Early detection of skin cancer could be the difference between a simple mole removal or several rounds of chemotherapy, but now your phone can help you recognize suspicious moles and marks, but you should still see a dermatologist about concerns.

Your skin can get damaged by UV rays no matter what time of year, no matter what the weather. Skin cancer accounts for more diagnoses each year than all other cancers, but the good news is that early detection could be malignant cancer that spreads to other parts of the body.

A handful of smartphone apps and devices claim to aid early detection and keep you on track with regular self-exams. You can capture photos of nuisance moles or marks and track them yourself, or send them off to a dermatologist for evaluation.

Symptoms of all types of skin cancers include:

  • Appearance of a shiny pink, red, pearly, or translucent bump.
  • Pink skin growths or lesions with raised borders that are crusted in the center.
  • A raised reddish patch of skin that may crust or itch, but is usually not painful.
  • A white, yellow, or waxy area with a poorly defined border that may resemble a scar.

Your phone can help you spot skin cancer

Over the last several years, a handful of skin cancer detection applications popped up allowing you to analyze your skin with your smartphone and artificial intelligence algorithms.

1. Miiskin 

Miiskin uses a mole mapping to analyze your skin. Dermatologists perform mole maps as part of a clinical full-body skin exam, using digital dermoscopy to catch suspicious lesions they may not catch with their own eyes.

Because they’re so high-definition, dermoscopy photos provide much more information than normal digital photos. The developers behind Miiskin wanted to offer a version of this technology to consumers, so they built an app that takes magnified photos of large areas of your skin, for example, your entire leg.

Note: According to the website, anyone with an iPhone iOS 10 or a phone running Android 4.4 can use Miiskin. The app stores your photos separately from your smartphone library and allows you to compare moles over time, which is helpful in detecting changes.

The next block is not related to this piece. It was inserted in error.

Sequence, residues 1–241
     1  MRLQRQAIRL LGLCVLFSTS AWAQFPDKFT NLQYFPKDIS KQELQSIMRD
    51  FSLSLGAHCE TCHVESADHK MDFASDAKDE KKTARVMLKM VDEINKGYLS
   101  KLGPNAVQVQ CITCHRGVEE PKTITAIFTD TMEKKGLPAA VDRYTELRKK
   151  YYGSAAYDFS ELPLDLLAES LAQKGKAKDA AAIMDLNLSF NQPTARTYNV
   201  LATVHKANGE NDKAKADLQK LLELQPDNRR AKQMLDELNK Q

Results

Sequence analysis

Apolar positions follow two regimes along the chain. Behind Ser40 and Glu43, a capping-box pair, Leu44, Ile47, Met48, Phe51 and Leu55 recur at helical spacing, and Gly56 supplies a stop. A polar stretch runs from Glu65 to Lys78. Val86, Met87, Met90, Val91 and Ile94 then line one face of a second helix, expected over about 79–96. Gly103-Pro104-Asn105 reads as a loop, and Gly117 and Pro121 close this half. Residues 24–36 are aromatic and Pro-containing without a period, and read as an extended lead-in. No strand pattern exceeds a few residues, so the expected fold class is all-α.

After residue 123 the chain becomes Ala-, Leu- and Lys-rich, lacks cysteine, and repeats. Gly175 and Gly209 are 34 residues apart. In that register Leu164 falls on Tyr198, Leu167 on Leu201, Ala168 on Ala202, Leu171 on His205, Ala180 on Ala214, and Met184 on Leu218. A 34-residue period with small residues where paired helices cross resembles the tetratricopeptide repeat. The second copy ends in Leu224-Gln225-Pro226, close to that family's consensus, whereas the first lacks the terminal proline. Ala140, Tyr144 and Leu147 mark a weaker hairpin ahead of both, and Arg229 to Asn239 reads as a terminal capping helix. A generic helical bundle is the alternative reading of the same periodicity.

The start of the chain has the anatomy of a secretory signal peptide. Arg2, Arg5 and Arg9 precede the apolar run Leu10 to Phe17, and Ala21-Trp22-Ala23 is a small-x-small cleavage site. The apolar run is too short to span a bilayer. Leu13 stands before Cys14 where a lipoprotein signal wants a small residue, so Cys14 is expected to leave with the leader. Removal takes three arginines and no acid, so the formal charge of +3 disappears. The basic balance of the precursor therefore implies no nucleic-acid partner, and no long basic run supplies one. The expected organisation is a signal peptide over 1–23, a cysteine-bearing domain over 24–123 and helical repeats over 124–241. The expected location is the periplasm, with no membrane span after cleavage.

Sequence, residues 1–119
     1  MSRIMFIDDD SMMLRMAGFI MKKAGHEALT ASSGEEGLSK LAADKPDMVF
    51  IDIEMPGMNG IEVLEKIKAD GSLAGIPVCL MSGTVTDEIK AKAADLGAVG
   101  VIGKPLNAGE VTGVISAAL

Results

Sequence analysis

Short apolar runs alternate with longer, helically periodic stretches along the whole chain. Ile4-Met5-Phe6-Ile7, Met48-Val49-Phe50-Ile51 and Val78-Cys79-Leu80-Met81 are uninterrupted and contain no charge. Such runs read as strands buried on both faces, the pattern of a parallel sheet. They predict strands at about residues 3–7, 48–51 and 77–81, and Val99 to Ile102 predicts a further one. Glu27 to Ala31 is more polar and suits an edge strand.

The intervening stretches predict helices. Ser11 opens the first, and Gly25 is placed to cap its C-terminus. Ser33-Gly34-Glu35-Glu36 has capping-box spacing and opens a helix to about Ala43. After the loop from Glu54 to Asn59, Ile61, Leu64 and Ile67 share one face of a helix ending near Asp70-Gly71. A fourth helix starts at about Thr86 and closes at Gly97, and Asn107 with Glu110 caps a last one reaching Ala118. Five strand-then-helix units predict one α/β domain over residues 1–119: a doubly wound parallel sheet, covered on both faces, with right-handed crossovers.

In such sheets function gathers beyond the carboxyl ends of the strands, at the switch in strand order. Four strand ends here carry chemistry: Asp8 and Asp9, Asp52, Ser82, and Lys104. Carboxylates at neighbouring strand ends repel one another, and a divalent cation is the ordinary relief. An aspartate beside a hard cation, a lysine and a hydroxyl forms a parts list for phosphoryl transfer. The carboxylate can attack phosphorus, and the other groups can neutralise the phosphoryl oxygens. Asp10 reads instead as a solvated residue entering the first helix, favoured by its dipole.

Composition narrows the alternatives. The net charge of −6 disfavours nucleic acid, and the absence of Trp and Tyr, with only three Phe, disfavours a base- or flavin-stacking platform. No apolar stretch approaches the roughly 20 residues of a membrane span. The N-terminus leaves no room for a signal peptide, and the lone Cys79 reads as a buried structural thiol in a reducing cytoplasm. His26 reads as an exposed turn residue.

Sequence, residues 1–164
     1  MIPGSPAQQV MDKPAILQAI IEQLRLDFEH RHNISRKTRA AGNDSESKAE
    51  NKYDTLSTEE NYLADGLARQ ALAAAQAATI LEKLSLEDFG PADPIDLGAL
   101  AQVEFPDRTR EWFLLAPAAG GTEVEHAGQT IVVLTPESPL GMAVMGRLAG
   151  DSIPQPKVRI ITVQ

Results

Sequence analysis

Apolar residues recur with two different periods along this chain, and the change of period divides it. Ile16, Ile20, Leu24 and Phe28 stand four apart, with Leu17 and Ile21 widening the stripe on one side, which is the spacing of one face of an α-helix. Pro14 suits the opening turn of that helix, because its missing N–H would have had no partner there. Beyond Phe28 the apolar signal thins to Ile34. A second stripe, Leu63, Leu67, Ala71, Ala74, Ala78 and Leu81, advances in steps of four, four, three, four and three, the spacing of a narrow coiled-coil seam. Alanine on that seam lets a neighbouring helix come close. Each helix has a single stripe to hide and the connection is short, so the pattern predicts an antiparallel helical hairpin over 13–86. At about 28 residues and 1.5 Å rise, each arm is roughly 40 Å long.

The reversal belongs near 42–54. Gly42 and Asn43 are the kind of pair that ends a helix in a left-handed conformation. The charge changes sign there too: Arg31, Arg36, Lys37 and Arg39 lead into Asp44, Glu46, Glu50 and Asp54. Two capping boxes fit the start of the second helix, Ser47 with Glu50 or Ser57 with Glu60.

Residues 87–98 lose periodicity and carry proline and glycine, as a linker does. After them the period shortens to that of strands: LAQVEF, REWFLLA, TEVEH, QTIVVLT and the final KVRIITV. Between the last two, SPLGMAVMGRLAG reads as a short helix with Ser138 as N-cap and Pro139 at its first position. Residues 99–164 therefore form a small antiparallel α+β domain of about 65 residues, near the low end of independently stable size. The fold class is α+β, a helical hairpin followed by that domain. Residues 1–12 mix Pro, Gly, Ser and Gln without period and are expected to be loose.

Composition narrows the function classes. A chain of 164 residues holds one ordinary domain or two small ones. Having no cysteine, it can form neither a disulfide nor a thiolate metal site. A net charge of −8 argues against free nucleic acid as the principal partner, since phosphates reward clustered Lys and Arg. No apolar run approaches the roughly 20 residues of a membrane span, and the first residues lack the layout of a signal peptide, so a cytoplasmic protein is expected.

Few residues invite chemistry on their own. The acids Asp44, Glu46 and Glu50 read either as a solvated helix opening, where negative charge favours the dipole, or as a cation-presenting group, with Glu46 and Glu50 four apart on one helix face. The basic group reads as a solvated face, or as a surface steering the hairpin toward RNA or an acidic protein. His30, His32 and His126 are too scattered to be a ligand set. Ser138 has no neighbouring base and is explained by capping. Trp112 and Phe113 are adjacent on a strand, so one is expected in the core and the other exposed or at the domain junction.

Find it: iOS | Android.

2. UMSkinCheck

This app comes from researchers at the University of Michigan (UM) school of medicine and allows you to complete a full-body skin cancer self-exam, as well as create and track a history of moles, growths and lesions.

The app guides you step-by-step on how to complete the exam with graphics and written instructions. UMSkinCheck also comes with access to informational videos and articles, as well as a melanoma risk calculator.

Note: UMSkinCheck also sends push reminders to encourage people to follow-up on their self-exams and check on the lesions or moles they are tracking. You can decide how often you want to see those reminders in the app.

Find it: iOS | Android.

3. MoleScope

Like Miiskin, MoleScope uses magnified images to help people determine whether they should see a dermatologist get their skin checked.

A product of MetaOptima (a supplier of clinical dermatology technology) MoleScope is a device that attaches to your smartphone and sends photos to a dermatologist for an online checkup.

Note: MoleScope itself won’t analyze or diagnose your moles, you can use the ABCD guide in the app to keep tabs on any suspicious moles. The app helps you document your moles with photos and sends them to a dermatologist, who can assess them using the guided method:

  • Asymmetry: the shape of one half doesn’t match the other
  • Border: edges are bumpy, ragged or blurred
  • Color: uneven shades of brown, black and tan; odd colors such as red or blue
  • Diameter: a change in size greater than 6 mm

Unlike Miiskin, you can only take photos of one mole or small areas with a few moles, rather than large areas like your entire chest or back.

Find it: iOS | Android.

4. SkinVision

SkinVision claims to aid early detection of melanoma. The app uses deep learning to analyze photos of your skin and aid in the early detection of skin cancer. The photos are processed through a machine-learning algorithm that filters image layers based on simple, complex, and more abstract functions and patterns through a technology called convolutional neural network (CNN). SkinVision uses it to check small areas of your skin and come back with a high- or low-risk assessment of that area in less than a minute.

SkinVision is backed by a scientific board of dermatologists, but Dr. Daniel Friedmann, a dermatologist at Westlake Dermatology in Austin, Texas, told CNET that even an app with prominent support of scientists has limitations.

Find it: iOS | Android.